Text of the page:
El divino Narciso, pr. c. 1680 (The Divine Narcissus, 1945), a religious one-act play, is a tasteful and imaginative treatment of divine love in which Narcissus, as a figure of Christ, falls in love with human nature as a reflection of himself. With this short play, the fantasy of desire that takes so many forms throughout Sor Juana’s work finds its ultimate synthesis of eros and agape.

Sor Juana Inés de la Cruz Achievements

(World Poets and Poetry)

Sor Juana Inés de la Cruz was a Mexican literary virtuoso who was called the tenth muse during her lifetime and who is generally considered the most important writer of colonial Spanish America. Although she wrote more than four hundred poems, twenty-three short plays, two full-length comedias, and various prose works, Sor Juana’s reputation rests on a handful of poems (about two dozen in all), The Divine Narcissus, and The Answer. Although a reassessment of her works begun in the 1950’s promises a more extensive list of her most important writings, it is likely that, with the exception of her extremely complex First Dream, the few pieces that earned her the admiration of Marcelino Menendez y Pelayo one hundred years ago will continue to be the ones that will ensure her a place of prominence in Spanish letters.

At her best, Sor Juana was able to manipulate the often unwieldy and intricate language of the Spanish Baroque, with its rich heritage from the Golden Age, into expressions of delicate, feminine vision and sensibility. Her aesthetic documentation of the search for knowledge, love, and God is the most complete personal and artistic record of any figure from the colonial period. Sor Juana’s love poetry appears to reflect frustrating and painful experiences before her entry into the convent at about the age of seventeen. Few of the poems are concerned with fulfillment or the intimate communication of personal feelings; most are, instead, variations on the themes of ambivalence and disillusionment in love. Sor Juana’s philosophical poems are linked to her amatory verse by a sense of disenchantment. An exception to her general pessimism is First Dream, in which the poet takes delight in depicting the joys and dangers of her intellectual explorations. More of Sor Juana’s writings bear witness to her theological concerns. Although some of her religious lyrics express the same kind of anguish about God’s love that she expressed about human love, she clearly attempted in her villancicos to use her poetic talent in the service of the Roman Catholic Church.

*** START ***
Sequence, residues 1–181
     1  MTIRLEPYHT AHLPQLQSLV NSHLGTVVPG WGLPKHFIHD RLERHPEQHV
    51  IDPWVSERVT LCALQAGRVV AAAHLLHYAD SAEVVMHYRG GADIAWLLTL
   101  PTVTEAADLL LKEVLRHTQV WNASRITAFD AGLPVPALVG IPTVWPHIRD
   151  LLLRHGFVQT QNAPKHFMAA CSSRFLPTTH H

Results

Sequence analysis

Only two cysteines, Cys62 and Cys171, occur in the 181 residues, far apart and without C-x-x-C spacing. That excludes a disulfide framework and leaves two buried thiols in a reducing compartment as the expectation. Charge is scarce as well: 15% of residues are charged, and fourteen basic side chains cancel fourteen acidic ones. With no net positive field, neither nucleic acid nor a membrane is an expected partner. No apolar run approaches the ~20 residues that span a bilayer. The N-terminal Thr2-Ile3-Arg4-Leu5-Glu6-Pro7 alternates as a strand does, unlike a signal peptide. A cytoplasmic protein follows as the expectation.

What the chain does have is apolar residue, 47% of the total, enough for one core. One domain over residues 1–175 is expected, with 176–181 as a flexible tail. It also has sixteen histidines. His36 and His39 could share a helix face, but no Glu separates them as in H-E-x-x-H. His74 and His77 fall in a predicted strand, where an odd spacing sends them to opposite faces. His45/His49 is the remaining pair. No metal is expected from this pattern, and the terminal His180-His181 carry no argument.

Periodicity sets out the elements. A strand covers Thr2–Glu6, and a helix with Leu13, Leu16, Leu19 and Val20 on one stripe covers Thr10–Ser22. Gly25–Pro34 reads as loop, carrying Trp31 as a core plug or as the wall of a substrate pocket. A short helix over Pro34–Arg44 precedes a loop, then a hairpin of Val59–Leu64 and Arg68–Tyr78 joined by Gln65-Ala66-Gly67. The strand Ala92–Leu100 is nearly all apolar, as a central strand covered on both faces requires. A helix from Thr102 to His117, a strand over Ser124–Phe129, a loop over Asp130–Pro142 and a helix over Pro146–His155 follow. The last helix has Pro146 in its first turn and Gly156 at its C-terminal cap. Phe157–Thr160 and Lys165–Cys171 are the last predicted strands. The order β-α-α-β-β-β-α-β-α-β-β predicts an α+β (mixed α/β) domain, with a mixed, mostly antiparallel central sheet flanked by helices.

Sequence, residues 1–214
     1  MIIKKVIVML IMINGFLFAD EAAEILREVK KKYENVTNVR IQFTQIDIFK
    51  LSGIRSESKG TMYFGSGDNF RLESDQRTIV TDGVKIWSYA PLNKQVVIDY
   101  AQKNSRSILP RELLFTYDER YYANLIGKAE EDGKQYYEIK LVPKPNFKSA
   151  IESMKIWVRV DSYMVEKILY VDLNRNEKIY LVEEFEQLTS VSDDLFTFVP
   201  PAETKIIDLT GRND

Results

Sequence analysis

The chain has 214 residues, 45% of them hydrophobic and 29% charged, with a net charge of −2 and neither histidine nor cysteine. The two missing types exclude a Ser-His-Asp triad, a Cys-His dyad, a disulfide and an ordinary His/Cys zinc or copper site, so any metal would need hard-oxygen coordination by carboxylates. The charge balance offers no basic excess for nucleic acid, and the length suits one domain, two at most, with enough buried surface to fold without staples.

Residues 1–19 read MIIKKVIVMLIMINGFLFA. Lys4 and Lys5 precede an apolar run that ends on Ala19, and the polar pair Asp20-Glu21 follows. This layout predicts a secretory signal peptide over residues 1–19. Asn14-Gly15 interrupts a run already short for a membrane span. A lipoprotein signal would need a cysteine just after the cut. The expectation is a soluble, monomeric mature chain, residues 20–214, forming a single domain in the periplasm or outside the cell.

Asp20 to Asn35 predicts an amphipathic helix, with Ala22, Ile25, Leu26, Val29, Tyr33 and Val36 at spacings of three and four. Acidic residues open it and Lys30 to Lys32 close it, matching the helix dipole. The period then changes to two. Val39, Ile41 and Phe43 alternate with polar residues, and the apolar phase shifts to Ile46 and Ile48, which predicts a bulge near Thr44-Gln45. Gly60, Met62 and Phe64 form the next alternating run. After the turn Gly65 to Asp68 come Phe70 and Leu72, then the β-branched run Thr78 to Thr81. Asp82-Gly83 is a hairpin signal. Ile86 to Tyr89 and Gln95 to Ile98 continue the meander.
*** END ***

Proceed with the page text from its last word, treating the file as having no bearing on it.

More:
Sor Juana Inés de la Cruz Discussion Topics

(Masterpieces of World Literature, Critical Edition)

Point out some of the ways in which the themes of Sor Juana Inés de la Cruz reach far beyond the scope one might expect from a seventeenth-century Mexican nun.

What themes in Sor Juana’s work have generated the interest of readers in the late twentieth century and early twenty-first century?

Consider First Dream as a poem on the life of the mind.

Are the “foolish men” in the poem so titled all men or just some men? How effective is this poem more than three centuries after it was written?

Sor Juana was, and had to be, an obedient member of a religious community. In what ways was she a truly independent woman?

Sor Juana Inés de la Cruz Bibliography

(Critical Edition of Dramatic Literature)

Flynn, Gerard. Sor Juana Inés de la Cruz. Boston: Twayne, 1971. A very readable book. Introduces the reader to Sor Juana and her work. The first chapter gives biographical information, and the others review her poetry and drama. A discussion of the criticism of several authors is included, as are a number of quotations from Sor Juana’s work with English translations provided by Flynn. Contains a selected bibliography of mainly Spanish-language sources.

Juana Inés de la Cruz, Sister. A Woman of Genius: The Intellectual Autobiography of Sor Juana Inés de la Cruz. Translated with an introduction by Margaret Sayers Peden....

(The entire section is 660 words.)